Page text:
In a comment to zis post, vell, it's the za next-to-last post, so you can just scroll down, boys and girls, za Tommy asks zis:
Siggy, it seems to me that when a corporation is allowed to become "too big to fail," the Feds were ignoring anti-trust laws.
Ach! Zat Tommy! First he wants za Siggy to be za astronomer, zen za economist, and now za anti-trust lawyer. But Ziggy will give it a zhot.
Zere have been za attempts to break up za companies as monopolies for just being big.
But it zemes to Siggy zat za dominant view is zat being big alone does not make za company a monopolist. Zere are zome tings no company is supposed to do (price fixing with other companies, for example), and zere is a bigger list of za no-nos for a company that ist dominant (zere's zat word again) in it industry.
* * *
Spot here. Siggy is tired, so he asked ordinary Spot to finish up.
Being a dominant player in an industry does not make you a monopolist, per se; it obviously makes it is easier for you to act like one. But both IBM and Microsoft maintained vehemently that they didn't violate the Sherman Act just by getting - make that being - really, really big. And they're almost certainly right.
The more interesting question to Spot, and it's a policy matter, not a legal one, is where laissez faire capitalism is headed. When even free-market evangelicals like Alan Greenspan, Hank Paulson, and Ben Bernanke head for the government hills, you know something is afoot.
When one looks around the world today, you can see a rise of sovereign wealth funds, state trading companies, government-controlled commodity markets (think of the wheat regimes in Canada and Australia, for example), oil cartels, and state capitalism, among other forms of mercantilism. And in some cases, the US has been pretty handily out maneuvered.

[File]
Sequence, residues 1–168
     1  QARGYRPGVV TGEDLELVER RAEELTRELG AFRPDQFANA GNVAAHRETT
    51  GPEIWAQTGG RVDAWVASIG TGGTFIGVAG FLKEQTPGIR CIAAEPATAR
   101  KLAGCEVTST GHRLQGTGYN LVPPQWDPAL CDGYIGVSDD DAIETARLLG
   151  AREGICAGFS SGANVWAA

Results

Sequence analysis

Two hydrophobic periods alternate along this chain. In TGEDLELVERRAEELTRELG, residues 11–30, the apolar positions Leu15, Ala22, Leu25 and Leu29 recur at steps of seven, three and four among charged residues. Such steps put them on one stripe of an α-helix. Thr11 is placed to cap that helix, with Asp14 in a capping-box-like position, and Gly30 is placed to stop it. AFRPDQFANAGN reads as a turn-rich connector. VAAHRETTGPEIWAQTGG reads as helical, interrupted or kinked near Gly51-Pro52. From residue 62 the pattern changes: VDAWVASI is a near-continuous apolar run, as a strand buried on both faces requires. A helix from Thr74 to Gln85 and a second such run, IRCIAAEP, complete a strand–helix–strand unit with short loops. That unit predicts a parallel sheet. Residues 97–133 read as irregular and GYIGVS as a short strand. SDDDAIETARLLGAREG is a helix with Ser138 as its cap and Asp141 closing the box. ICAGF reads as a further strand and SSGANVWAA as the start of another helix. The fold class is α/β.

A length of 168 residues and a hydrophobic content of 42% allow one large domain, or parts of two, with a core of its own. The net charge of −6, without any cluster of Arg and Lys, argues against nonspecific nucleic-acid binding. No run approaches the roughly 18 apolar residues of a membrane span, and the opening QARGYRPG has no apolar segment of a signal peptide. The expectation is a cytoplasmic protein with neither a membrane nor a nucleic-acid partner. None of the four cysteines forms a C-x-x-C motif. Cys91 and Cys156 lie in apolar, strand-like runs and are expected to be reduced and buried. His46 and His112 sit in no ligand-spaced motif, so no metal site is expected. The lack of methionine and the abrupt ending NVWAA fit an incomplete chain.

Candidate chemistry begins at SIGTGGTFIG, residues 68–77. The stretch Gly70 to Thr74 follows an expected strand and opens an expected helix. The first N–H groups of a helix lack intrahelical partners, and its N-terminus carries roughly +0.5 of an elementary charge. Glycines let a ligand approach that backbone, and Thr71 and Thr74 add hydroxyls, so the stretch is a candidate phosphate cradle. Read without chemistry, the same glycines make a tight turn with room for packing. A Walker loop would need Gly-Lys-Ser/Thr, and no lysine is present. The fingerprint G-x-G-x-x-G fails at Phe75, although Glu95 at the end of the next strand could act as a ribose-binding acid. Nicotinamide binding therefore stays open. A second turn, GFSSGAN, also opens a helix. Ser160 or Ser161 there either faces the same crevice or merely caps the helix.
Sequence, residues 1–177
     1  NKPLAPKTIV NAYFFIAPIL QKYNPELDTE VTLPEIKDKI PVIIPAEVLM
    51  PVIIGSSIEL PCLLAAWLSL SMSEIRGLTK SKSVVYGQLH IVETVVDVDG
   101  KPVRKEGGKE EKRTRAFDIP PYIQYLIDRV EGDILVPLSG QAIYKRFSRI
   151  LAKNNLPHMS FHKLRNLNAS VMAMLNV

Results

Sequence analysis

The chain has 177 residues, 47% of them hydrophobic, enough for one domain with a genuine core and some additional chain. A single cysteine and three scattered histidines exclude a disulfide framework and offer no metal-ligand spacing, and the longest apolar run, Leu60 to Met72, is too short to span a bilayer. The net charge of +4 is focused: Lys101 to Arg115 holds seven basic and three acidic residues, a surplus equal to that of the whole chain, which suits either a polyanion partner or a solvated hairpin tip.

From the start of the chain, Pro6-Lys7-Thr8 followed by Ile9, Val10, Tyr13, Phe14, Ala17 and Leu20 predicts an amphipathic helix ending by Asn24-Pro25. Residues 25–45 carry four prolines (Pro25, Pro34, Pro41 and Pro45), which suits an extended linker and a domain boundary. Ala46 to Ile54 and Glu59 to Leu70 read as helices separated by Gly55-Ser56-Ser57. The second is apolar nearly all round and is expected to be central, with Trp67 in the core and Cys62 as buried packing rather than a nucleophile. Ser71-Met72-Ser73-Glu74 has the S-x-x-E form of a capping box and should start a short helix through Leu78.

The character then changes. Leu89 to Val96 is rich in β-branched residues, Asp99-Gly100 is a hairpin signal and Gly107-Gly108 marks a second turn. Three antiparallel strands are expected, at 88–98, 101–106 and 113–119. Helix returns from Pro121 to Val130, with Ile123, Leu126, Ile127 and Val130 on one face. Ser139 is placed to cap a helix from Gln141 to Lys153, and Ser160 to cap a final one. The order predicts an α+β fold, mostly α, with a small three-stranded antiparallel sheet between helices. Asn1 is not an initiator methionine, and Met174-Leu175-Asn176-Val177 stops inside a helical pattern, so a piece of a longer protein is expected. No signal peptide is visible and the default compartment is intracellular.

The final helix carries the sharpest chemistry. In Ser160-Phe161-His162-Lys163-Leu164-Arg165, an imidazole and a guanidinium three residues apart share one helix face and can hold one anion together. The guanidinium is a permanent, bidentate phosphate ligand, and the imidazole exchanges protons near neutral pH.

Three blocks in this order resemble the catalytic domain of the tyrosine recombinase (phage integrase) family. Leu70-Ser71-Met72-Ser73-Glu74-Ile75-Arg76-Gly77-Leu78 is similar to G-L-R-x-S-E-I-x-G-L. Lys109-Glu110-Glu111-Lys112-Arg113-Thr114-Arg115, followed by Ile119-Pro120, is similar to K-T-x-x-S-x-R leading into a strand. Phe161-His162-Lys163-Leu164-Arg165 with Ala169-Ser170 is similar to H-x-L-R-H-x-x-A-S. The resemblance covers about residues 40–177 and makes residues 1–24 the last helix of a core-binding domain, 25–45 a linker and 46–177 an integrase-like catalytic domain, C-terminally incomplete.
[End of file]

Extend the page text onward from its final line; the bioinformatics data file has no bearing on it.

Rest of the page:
Kevin Phillips, to whom Spot has referred often, says that the US may have decided that the financial sector was going to be its bread and butter, where our economy would shine; consequently we didn't pay much attention as the nation's industrial base eroded over the last couple of decades. And a lot of foreigners - banks, pension funds, etc. - as well as the locals did buy a lot of fancy financial products from that "industry."
Now, of course, everybody - including the aforesaid foreigners - is/are a little leery now of what the US financial "industry" has to sell.
So, back to the main point. If US policy was a form of financial mercantilism, as Kevin Phillips suggests, it has come a cropper, which is too bad, because financial services are now a quarter of the economy. We're just starting to wake up to the fact that we are not nearly as wealthy as a nation as we thought we were.
It is becoming more clear that there are some issues that laissez faire capitalism may not be up to solving: energy independence and global climate change are just a couple that come to mind. Market responses are just too slow, too weak, and too late. Planning ahead is what is needed, as is investment with a payout much too slow for a financial market. That means involving the dad gum gummint, but we don't have a lot of choice; that's Spot's opinion, anyway.
The "creative destruction" that Milton Friedman, may peace be upon him, David Strom, and Craig Westover seem so fond of, can be, and is, if the stakes are high enough, just destruction. It seems like lunacy to Spot to rely entirely on a Holy Spirit called the Invisible Hand, dreamed up by an eighteenth-century Scotsman. It reeks of religious fervor, but that's a subject for another day.
Spot says that we have to start seeing the federal government as something other than a target of blood sucking and plunder, but that is going to be difficult, given the abuse that conservatives have heaped on elected officials, the civil service, and the entire notion of the public good.
There are a lot of dogs smarter than Spot who think we're in for a really rough patch. Perhaps that's the only way these lessons can be learned.